It’s a big night in The Lanc with Mike Watt and Dinosaur Jr. rolling into town. Undoubtedly all the scenesters will be there to check out a pair of the genre’s godfathers and legends. Should be a rollicking good time for everyone there and hopefully we will be able to present a full report when we hear from our peeps on the scene.
In the interim, it’s back in South Philly for the first game of the Phillies-Mets tonight.
And just like that, the Phillies are the only game in town after the debacle on the basketball court at the Center last night. Having not followed the Sixers all that closely this season, tell me… what is it about Samuel Dalembert that elicits such a violent reaction. People really dislike the way Sammy conducts himself and it’s not just the fans in Philly. Apparently Dwight Howard and Hedo Turkoglu don’t care much for Dalembert’s basketball stylings either.
Could it be that Sammy Dalembert is the Jose Reyes of the NBA… only not an All-Star caliber player, of course. Hey why not – I’ve already labeled the Mets’ David Wright as the Danny Ainge of baseball. As long as we’re doing the cross sports associations, why not lump Sammy in there.
Anyway, the big story in baseball isn’t the Phillies and Mets restarting their blood feud. Far from it. Instead, it’s the latest revelations from Sports Illustrated scribe Selena Roberts in her upcoming book on Alex Rodriguez.
And no, it ain’t the drug allegations (some a little sketchy) that have folks all worked up. Some baseball players used steroids – we know that already. Major League Baseball knows it and the MLBPA knows it. If they aren’t worked up about whether or not one of the best players of the so-called steroid era was juiced up, why should we take their word on anything?
No, the thing that is most angering is the accusation that A-Rod intentionally tipped pitches to the opposition in lopsided games. Yeah that’s right – Rodriguez reportedly sabotaged his own teammates with the hope that players on other teams would return the favor.
“It would pretty much be Armageddon,” he said. “If you found out a teammate was giving a sign to another team that would be pretty ugly. If it is true it would be a serious offense in the culture. That would be the thing where I wonder if players would even want to play with him. Anything like that being true is a really major problem. If I knew about that, people would be confronted real quick. You can be friends with guys [on other teams] but when they’re in the other dugout you try and take their head off.”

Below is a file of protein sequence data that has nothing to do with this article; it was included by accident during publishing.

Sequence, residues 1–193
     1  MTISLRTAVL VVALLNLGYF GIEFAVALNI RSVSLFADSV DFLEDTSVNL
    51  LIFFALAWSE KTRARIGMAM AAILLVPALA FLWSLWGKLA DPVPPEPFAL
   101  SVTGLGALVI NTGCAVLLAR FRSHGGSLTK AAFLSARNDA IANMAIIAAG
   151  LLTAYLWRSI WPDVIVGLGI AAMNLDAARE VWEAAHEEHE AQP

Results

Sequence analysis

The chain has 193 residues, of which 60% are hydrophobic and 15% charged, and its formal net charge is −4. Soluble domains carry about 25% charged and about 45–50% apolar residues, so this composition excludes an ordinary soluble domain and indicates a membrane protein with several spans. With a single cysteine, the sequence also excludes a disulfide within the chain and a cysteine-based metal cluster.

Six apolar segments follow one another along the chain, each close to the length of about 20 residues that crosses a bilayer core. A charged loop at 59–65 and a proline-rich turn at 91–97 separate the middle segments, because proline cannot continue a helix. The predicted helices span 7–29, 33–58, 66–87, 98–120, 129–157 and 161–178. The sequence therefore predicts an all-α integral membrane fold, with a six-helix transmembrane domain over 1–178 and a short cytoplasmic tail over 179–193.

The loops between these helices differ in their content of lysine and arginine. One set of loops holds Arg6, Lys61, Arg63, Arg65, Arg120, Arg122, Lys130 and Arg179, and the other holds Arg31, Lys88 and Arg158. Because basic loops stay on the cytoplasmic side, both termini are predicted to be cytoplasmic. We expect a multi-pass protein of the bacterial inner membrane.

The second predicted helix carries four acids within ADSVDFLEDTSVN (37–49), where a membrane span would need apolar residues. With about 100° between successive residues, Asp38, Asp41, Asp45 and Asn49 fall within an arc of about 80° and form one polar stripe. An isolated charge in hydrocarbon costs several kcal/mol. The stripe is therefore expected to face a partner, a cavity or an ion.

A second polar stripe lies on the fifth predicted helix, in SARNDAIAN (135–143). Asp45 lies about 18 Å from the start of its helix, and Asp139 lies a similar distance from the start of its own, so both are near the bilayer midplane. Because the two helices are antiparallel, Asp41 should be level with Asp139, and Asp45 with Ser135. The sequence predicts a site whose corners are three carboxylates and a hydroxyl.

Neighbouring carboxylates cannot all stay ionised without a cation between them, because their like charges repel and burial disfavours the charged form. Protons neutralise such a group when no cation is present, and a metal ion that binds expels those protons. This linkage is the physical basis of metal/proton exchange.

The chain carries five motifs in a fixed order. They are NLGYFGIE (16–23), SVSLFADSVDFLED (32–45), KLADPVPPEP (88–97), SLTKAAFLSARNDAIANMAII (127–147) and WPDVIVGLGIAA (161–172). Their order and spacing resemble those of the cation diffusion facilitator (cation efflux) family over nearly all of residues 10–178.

Though MLB has historically turned a blind eye to performance-enhancing drugs, it has acted strongly in regard to gambling and non-drug cheating. Bat corkers and spitballers are dealt with swiftly and harshly, which means Commissioner Bud Selig should investigate this brewing controversy, post haste.
Speaking of the commissioner of baseball, people in the know always talk about how when he was one of the owners of the Texas Rangers, ex-President George W. Bush actively campaigned for the commissionership. In fact, some of the former President’s friends think he still wants to be the commissioner of baseball.
According to a story on Slate.com:
“He wanted to be Kenesaw Mountain Landis,” America’s first baseball commissioner, legendary for his power and dictatorial style. “I would have guessed that when George grew up he would be the commissioner of baseball,” says Hannah. “I am still convinced that that is his goal.”
One assumes that this close pal of the Republican presidential candidate is speaking with tongue in cheek. But no. “Running for president is a résumé-enhancer for being the commissioner of baseball,” he insists. “And it’s a whole lot better job.”
A couple of things happened to Bush’s campaign to be the commish. One was he was out-maneuvered and out-politicked by Bud Selig. Another strike was Bush’s fellow owners felt he was too much of a “lightweight” and not savvy enough to handle the job better than Selig.
And the rest, as they say, is history.
Meanwhile, another person with big baseball ties could be one of the leading candidates for the soon-to-be vacant Supreme Court chair that David Souter plans to give up at the end of the current session.
According to the punditry, federal judge Sonia Sotomayor could be the one to take over Souter’s seat and as some remember, Judge Sotomayor was the one who ended the last baseball strike.
In 1995 it was Sotomayor who issued the preliminary injunction against Major League Baseball, preventing it from unilaterally implementing a new Collective Bargaining Agreement and using replacement players.
Who knows, maybe when Selig’s contract is up Sotomayor could take over?